The Dread Fox and the Down-home Dandy, part one

spacegambler-flyerA swashbuckling wild west space opera romance in seven parts, culminating in an absurd extended mathporn nod to M John Harrison.


Dear Reader, you know what happened afterwards, the romance, the malarkey, the star-crossing lovers – everyone does, but few know how it started; so here is the tale of how it went down – it goes a little something like this.


She was a woman with no name, at least none she cared to recall, and a woman with many names. Today, she was going by Eliane.

She brought The Dread Fox in hard and fast, angling down sharply to the plane of the ecliptic, locked on to an asteroid tumbling inwards on a convenient orbit, and slammed to a halt metres from its surface.

It was a fierce and costly ride, virtually impossible to detect.

She powered down Fox to nothing but sensors and minimal life support, set defensive systems a hair-trigger from consciousness, removed her clothes and slipped into a rudimentary dropship. Protective foam flooded the tiny compartment, solidified about her and put her under. In her last moment of consciousness, she felt the kick of ejection.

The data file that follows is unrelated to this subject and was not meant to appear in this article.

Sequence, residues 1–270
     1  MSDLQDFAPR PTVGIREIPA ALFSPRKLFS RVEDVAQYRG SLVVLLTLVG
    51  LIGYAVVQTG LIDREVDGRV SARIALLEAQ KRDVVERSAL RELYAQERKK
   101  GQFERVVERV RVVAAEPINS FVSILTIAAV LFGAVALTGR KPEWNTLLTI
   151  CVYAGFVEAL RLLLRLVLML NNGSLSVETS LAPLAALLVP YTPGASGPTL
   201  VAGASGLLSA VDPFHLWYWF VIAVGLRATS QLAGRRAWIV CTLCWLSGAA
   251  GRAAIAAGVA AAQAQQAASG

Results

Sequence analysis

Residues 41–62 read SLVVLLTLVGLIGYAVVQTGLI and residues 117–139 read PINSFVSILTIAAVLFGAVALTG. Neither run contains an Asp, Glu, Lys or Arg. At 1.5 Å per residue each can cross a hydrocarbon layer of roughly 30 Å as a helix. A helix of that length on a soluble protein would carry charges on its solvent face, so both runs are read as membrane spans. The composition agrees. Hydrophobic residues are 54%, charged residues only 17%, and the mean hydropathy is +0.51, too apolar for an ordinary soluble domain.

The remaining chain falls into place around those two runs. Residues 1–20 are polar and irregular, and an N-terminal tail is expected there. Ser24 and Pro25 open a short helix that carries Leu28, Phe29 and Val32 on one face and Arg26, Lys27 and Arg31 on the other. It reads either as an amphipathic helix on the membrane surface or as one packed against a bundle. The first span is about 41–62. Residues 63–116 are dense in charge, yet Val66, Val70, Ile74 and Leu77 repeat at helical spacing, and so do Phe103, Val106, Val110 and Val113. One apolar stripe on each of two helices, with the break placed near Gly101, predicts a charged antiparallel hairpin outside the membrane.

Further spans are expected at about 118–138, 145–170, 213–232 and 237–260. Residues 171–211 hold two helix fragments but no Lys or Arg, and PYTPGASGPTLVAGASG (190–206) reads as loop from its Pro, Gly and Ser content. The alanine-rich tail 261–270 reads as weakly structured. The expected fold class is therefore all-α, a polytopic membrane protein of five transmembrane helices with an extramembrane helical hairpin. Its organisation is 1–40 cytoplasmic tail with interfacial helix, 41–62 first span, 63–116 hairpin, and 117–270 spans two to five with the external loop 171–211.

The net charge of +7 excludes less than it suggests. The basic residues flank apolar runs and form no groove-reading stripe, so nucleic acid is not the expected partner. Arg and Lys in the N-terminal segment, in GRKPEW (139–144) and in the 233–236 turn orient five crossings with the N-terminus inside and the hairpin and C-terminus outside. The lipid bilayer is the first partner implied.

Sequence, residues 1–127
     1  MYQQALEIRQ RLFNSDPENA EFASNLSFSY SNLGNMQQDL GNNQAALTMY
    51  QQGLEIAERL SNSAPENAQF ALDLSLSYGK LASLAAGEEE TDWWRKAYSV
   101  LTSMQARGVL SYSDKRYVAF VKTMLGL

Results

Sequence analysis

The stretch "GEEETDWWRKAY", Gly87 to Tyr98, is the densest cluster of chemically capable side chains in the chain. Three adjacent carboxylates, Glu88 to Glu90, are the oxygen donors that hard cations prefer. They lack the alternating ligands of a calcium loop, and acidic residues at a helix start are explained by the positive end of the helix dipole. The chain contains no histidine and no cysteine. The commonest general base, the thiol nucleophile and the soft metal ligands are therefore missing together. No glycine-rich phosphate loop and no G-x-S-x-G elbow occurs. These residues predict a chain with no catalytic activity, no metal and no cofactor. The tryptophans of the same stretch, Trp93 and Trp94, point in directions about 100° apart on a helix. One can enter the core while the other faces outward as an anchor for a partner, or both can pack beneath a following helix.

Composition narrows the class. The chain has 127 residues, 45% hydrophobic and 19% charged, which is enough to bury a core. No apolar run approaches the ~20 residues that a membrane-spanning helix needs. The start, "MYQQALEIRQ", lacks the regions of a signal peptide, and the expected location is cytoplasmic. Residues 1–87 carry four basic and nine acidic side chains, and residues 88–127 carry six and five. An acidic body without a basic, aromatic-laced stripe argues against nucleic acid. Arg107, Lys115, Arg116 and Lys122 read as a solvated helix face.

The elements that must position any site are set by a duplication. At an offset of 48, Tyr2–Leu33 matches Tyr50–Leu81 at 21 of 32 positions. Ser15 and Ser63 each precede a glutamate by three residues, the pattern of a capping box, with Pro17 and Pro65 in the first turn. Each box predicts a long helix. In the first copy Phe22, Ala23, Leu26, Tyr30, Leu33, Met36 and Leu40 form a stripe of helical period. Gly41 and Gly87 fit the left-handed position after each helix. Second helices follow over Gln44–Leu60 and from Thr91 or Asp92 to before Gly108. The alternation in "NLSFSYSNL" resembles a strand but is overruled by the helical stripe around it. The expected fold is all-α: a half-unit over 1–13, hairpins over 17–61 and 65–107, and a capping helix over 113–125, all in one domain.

She came to three days later on Rendall, as the last traces of foam sublimed through precise hull ruptures. She kicked free of her cocoon and staggered to her feet, the customised single-shot already dissolving in the atmosphere. By morning, not a trace of it would be left.

Getting off-world would not be quite so easy.

She dressed quickly in simple grounders’ wear, slipped a small pack onto her belt, took a bearing, and started walking in the dark. She had a long night ahead of her and some kinks in her back to work out.

Drops were never as straightforward as she liked to pretend.

Maybe she was getting too old for this shit.

But Spiker had something of value for sale. Something she wanted.


Brett lathered his face the old fashioned way, with soap and a brush. He flipped a monitor around and called up the spaceport’s security feed, hijacked and streamed to give an external view of the ship.

‘Everything quiet out there?’ he asked.

‘Yes,’ the ship replied, and then added with a sigh, ‘the trouble will come later.’

‘Hey,’ he drawled, ‘you know it’s just a one-off.’

‘Always is.’

He remembered the first time they’d had this conversation. Back then he really believed it would be just the one time, but things were getting tough all over. If they wanted to keep flying, they would just have grin and bear the shadier deals a little more often.

He watched for a few moments as longshorebots shifted cargo pods from a pair of transport sleds and set them down at the perimeter to be scanned, registered and stowed by the ship’s own drones. He switched to a wider view.